Since the first episode of the series, the director presents his own vision to address a well-known literary story. The obsessed with the story of Sultan Hamed (actor Ahmed Salah Al-Saadani) – the narrator in the story of Idris – is the young farmer Hamed (actor Ahmed Fahmy), who begins his obsession with the position of Sultan Hamed since childhood, and goes to him. He lights candles for him, prays next to him, and talks to him. Suddenly, he finds a manuscript in the place that he believes may solve the mystery of the shrine, and then sets out on a journey to search for a translation into the French language in which the text of the ancient manuscript was written.

Parallel to contemporary times, we go back to the time of Napoleon's campaign against Egypt, when the young Hamed leads the struggle of the peasants against the French in the villages of the Delta, and through him we meet different human models, from the sheikh of the country, the imams of the mosques, and the women of the village.

From the fictional story written by Idris about the shrine of Sultan Hamid, the series "Surra Al-Bati'" begins with real stories of popular resistance against Napoleon's campaign, such as the story of the popular hero Sheikh Hassan Toubar, one of the country's wealthy people who led the resistance against the French in Lake Manzala and the Small Sea in 1798.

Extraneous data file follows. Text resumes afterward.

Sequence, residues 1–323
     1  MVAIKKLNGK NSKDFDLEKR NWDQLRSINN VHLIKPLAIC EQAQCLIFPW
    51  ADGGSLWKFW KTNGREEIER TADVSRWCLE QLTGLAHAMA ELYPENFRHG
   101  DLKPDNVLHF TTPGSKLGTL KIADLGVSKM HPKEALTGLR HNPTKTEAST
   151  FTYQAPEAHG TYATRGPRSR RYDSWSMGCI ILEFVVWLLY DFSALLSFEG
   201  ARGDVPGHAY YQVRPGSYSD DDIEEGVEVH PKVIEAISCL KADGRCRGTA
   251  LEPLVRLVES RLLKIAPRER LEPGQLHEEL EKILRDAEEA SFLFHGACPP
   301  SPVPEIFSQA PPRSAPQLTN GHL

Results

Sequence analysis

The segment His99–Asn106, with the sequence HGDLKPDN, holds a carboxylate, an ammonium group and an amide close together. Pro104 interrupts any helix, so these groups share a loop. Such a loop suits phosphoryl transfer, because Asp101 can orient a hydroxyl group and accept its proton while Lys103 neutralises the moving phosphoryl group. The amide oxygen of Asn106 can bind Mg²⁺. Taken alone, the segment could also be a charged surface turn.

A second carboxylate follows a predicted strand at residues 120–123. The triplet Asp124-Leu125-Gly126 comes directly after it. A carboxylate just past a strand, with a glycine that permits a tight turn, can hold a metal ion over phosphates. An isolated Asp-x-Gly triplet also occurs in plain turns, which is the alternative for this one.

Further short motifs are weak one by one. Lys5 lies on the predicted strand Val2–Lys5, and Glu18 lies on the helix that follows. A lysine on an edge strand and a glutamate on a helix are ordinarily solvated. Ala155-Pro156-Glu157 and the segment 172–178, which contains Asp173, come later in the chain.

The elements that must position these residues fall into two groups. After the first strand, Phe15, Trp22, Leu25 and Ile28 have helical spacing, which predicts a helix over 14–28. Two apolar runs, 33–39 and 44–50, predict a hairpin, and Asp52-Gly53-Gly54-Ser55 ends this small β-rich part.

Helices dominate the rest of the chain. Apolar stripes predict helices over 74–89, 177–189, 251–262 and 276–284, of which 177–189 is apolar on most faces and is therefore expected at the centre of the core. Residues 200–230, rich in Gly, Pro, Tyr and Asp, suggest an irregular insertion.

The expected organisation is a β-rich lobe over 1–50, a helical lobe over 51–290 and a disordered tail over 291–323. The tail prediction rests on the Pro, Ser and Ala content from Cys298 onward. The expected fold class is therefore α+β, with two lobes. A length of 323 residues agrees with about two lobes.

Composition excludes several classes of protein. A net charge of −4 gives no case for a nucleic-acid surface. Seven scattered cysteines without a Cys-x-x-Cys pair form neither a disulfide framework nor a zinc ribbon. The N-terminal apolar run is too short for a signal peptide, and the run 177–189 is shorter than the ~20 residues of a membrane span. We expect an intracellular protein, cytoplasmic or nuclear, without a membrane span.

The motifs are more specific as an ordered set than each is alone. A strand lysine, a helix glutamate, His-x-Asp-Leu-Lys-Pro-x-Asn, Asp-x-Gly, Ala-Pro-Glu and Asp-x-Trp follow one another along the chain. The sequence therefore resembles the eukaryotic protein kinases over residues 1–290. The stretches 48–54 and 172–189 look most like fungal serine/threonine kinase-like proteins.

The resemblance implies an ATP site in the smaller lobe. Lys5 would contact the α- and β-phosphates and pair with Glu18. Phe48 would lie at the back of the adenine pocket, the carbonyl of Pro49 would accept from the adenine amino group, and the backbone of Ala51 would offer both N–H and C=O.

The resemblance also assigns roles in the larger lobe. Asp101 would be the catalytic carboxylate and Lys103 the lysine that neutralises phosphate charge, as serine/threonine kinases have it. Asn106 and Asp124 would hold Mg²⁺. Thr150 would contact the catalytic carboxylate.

Suspense Idris

Idris relied on suspense in his story, as it took more than two-thirds of the story to explain the confusion of the narrator, the boy who does not understand why the shrine of an unknown sultan named Hamid has become an essential landmark of the country, like the railway station. Little by little, he discovers that he was not a real sultan ruling over Egypt, and that there are other shrines with the same name in the neighboring villages.